Editorial: Bureaucrats bicker as well owners worry
Posted August 22, 2016
A CBC Editorial: Monday, Aug. 22, 2016; Editorial# 8045
The following is the opinion of Capitol Broadcasting Company
These days a clown car at the circus seems more organized than the McCrory administration’s handling of drinking water near coal ash ponds. The finger pointing, confusion and excuses keep popping – each stranger than the one before.
Let’s review the script: Back in Feb. 2014, a failure at a Duke Energy coal ash pond spilled thousands of tons of ash and millions of gallons of contaminated water into the Dan River.
The spill raised concerns about the structural safety of other coal ash ponds at Duke Energy sites around the state as well as the potential for contamination of ground water – particularly of those with household wells near the pond sites.
Through the next year, contradictory bureaucratic and legal wrangling continued. In March and April 2015, the state sent letters to 425 well-water users near coal ash sites, saying they should not drink or cook with the unsafe water.
Even as the letters were going out, a bureaucratic tug-of-war raged between political appointees and staff scientists. The governor’s top press aide got involved – and maybe the governor, too.
Finally, the administration decided to change its position. Another letter went out.
N.C. Department of Environmental Quality Assistant Secretary Tom Reeder and state Health Director Randell Williams sent the homeowners a letter saying that they’d concluded “water out of your well is as safe as the majority of public water systems in the country.” While they weren’t basing their decision on new findings about the well water but that the initial recommendation of the state’s scientists was “out of step with the federal government and 49 other states.”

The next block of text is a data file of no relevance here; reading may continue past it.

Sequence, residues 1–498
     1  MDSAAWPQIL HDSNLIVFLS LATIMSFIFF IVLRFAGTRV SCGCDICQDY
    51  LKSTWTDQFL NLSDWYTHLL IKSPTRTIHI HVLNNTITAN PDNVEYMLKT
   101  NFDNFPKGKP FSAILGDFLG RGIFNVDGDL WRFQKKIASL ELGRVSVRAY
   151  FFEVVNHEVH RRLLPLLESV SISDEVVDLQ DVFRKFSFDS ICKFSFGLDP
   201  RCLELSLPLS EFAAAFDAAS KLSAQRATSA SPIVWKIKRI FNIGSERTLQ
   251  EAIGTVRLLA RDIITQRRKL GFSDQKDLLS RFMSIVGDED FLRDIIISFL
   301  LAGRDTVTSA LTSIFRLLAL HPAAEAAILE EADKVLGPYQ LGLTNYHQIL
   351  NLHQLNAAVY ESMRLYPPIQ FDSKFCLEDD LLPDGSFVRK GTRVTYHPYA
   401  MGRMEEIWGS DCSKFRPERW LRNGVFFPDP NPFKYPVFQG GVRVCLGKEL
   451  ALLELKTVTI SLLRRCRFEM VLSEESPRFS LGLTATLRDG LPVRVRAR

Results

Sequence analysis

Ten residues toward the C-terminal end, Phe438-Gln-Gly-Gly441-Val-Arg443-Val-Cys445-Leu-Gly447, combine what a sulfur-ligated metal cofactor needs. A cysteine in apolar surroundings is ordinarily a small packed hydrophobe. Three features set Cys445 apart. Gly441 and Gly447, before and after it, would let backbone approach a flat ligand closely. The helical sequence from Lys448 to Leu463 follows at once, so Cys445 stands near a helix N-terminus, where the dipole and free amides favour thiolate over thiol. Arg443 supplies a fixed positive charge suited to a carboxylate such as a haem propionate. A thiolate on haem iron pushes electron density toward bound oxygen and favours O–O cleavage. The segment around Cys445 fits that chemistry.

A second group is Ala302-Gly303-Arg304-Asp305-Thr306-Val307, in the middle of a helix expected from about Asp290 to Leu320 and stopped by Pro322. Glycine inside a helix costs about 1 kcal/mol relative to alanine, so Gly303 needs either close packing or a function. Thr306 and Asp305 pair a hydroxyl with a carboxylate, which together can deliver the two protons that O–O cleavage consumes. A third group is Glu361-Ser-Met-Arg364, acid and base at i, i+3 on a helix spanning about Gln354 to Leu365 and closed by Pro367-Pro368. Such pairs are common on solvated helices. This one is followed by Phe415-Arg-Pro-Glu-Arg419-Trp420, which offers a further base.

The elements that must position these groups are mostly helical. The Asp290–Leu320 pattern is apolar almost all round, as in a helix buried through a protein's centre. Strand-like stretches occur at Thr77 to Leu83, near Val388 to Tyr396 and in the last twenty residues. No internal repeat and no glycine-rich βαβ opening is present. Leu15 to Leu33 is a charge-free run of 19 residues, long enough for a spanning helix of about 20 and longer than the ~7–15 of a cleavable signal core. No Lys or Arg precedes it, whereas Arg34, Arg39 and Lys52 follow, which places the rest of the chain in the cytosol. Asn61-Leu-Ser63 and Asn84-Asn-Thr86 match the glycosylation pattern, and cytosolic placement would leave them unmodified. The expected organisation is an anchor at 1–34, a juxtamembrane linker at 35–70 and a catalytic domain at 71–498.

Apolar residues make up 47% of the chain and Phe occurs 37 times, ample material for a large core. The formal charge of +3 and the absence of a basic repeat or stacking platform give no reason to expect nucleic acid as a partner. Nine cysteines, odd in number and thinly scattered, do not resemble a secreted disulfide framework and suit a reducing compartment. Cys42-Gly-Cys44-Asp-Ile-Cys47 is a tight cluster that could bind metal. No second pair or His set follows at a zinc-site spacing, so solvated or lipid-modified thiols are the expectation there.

Rather than dampen concerns, the new letters added fuel to the controversy. Lawsuits led to sworn depositions. Details of the depositions are disclosed followed by a hastily called late-night news conference with accusations, declarations and charges of character of assassination. Amid it all, citizens still don’t have any more security about whether their household water is safe.
As the point-and-counter-point escalated to the officials’ open letter chastising the scientists, Megan Davies, the state’s top epidemiologist and one of those scientists, resigned in protest of the public criticism of her staff. In a publically released resignation letter, she said she couldn’t work for an administration that “deliberately misleads the public.”
This is not a pitch for “House of Cards” or a skit on “Saturday Night Live.” You cannot make this up. The McCrory administration struggles to get its house in order. The word is dysfunctional.
Finger pointing may keep lots of people busy, but it doesn’t solve problems North Carolina faces nor address the needs of its citizens.
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